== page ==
Boston Celtics offseason review

Photo by Kelly Kline/Getty Images   Photo by Kevin C. Cox/Getty Images
Photo by Kelly Kline/Getty Images Photo by Kevin C. Cox/Getty Images /

As the NBA offseason plows ahead we’re taking some time to pause and assess the work each team is doing, building for the present and future. Today, we’re looking at the Boston Celtics.

The Boston Celtics have been a slow-burning rebuild since the departure of Kevin Garnett and Paul Pierce. With all those assets finally coalescing into a playoff team, this offseason was crucial in preparing the roster for the next steps.

Inputs: Jaylen Brown (SF, NBA Draft pick No. 3); Demetrius Jackson (PG, NBA Draft pick No. 45); Ben Bentil (PF, NBA Draft pick No. 51); Abdel Nader (SF, NBA Draft pick No. 58); Al Horford (C, signed for four years, $113 million); Gerald Green (SF, signed for one year, $1.4 million)

Outputs: Evan Turner (SG, signed with the Portland Trail Blazers); Jared Sullinger (PF, signed with the Toronto Raptors),

Retained: Tyler Zeller (C, signed for two years, $16 million)

Pending:  None

Boston was linked to just about every major NBA star this summer but in the end, their free agent haul came down to Al Horford. He may not have been the transformative star they were hoping for but he’s a tremendous asset. A mobile two-way big man, Horford is capable of improving the Celtics significantly at both ends of the floors. His skill set is also fundamentally complementary which should allow the rest of this young roster to continue developing unimpeded.

The Celtics reportedly worked hard to trade their first pick in the draft but when a deal didn’t materialize, they settled on Jaylen Brown. He is an athletic wing with tremendous defensive potential. Offensively, he’s mostly limited to straight line drives at this point but there is some hope that he’ll eventually be someone who can create his own shot off the dribble. Brown was also an inconsistent jump shooter in college, something that will need to improve dramatically if he’s ever to reach his potential.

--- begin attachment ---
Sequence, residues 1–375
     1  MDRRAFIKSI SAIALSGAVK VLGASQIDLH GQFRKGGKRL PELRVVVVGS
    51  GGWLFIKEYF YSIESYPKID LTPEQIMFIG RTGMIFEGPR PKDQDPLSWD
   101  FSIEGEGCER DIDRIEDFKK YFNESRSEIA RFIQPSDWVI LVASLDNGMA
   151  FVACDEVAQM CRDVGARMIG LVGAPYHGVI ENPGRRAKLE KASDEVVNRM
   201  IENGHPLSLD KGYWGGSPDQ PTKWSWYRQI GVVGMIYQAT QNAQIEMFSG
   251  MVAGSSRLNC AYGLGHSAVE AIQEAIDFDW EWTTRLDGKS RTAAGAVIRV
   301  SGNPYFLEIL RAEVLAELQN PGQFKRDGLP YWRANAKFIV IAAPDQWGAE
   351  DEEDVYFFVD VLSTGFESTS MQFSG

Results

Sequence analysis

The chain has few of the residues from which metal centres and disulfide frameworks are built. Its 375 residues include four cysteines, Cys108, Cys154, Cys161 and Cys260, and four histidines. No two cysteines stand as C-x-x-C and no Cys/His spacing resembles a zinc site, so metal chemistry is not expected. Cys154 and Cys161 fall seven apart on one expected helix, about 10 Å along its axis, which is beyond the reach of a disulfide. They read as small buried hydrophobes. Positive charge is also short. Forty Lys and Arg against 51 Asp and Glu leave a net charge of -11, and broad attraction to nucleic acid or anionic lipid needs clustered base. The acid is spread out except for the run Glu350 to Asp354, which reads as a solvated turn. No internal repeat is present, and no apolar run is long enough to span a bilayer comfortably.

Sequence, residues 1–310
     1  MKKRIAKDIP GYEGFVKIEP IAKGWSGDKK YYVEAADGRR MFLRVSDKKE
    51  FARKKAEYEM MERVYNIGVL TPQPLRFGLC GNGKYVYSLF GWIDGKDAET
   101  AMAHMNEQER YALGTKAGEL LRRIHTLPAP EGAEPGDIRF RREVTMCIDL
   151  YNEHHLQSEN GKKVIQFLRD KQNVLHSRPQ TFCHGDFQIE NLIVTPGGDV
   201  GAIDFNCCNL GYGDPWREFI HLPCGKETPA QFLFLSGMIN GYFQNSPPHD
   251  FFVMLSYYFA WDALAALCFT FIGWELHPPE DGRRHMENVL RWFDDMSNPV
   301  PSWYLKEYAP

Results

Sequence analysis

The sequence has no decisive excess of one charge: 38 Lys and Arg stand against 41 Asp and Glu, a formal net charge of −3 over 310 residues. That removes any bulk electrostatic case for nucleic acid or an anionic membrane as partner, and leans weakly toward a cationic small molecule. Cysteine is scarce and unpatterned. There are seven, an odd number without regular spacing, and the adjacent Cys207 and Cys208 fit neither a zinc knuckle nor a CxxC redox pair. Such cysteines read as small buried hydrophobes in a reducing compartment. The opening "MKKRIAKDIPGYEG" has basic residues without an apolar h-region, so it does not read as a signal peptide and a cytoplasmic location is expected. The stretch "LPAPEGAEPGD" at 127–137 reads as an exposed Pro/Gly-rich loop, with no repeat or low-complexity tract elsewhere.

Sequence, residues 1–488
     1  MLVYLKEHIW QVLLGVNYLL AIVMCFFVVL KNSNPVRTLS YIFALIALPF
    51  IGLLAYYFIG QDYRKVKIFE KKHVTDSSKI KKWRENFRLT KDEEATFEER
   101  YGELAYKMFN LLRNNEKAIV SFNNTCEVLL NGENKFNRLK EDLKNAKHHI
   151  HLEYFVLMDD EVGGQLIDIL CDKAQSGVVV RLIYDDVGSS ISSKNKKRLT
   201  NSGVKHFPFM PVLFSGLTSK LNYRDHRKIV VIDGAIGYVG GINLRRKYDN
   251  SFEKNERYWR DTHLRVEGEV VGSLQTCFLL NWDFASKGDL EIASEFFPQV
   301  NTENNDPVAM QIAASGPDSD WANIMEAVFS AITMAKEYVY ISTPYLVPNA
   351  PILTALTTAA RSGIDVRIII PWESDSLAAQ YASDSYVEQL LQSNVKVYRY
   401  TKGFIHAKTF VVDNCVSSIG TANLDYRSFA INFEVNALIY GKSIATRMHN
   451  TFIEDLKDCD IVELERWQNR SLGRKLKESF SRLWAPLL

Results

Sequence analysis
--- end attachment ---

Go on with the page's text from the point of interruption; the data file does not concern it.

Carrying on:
The rest of the Celtics draft picks turned into low-risk lottery tickets. Demetrius Jackson, Ben Bentil, and Abdel Nader will likely spend significant portions of the year in Portland, Maine with the Celtics D-League team, if they make the roster. Each has the potential to contribute down the road but will be squeezed for minutes on a crowded roster. In addition, the Celtics picked up three potential-laden prospects — Ante Zizic, Guerschon Yabusele, and Rade Zagorac — who will play overseas next season.

It may not have been the home run they were looking for, but Horford makes the team definitively better and the rest of their young assets roll over as Danny Ainge continues to hunt for the established star to put this team back on top.

3 Big Questions

To really dig deep on Boston’s offseason, I’m leaning on friends with some Celtics expertise. Kevin O’Connor (@KevinOConnorNBA) is an editor for SBNation’s Celtics Blog and a contributor to CSNNE, SBNation, Sporting News, and Draftexpress. Andrew Johnson (@CountingBaskets) is a regular contributor to FanSided’s Nylon Calculus. Evans Clinchy (@EvansClinchy) is a contributor to Celtics Blog, The Cauldron, and SBNation’s Blazers Edge.

Kevin, Andrew, and Evans were nice enough to help out by answering three big questions about Boston’s offseason.

Is Al Horford enough to make the Celtics a contender in the Eastern Conference?

Kevin O’Connor: No one is on Cleveland’s level in the Eastern Conference, but the Celtics are right there in the next tier. The Celtics ranked 28th in pick-and-roll screener scoring efficiency last season, per Synergy via, and Horford was one of the best last year either on the roll or the pop (1.13 points per possession). Not to mention that he’s a tremendous passer (2.5 assist-turnover ratio), and can be utilized as a facilitator to make life easier on Isaiah Thomas. Defensively, of course, Horford isn’t a traditional shot blocker, but he’s a very good rim protector. He’ll enhance the Celtics’ already elite defense, while giving them a boost on offense. They should be in the conversation for the Eastern Conference Finals.

Andrew Johnson: It depends on how you define contender. The addition of Al Horford and reasonable internal improvement from players like Marcus Smart and Kelly Olynyk should make them reasonable candidates to get to the Eastern Conference Finals. It doesn’t make them reasonable threats to the Cavaliers without more moves or a whole lot of luck.

Evans Clinchy: Does it make them better than Cleveland? Nah. But adding Horford does put the Celtics squarely in a two-horse race with the Raptors for the title of second-best Eastern Conference team. At that point, you could be one lucky injury break away from sneaking into the Finals. Horford is an All-Star, mighty close to his prime, and an excellent fit for how Brad Stevens wants the Celtics to play. He’s going to make them considerably better.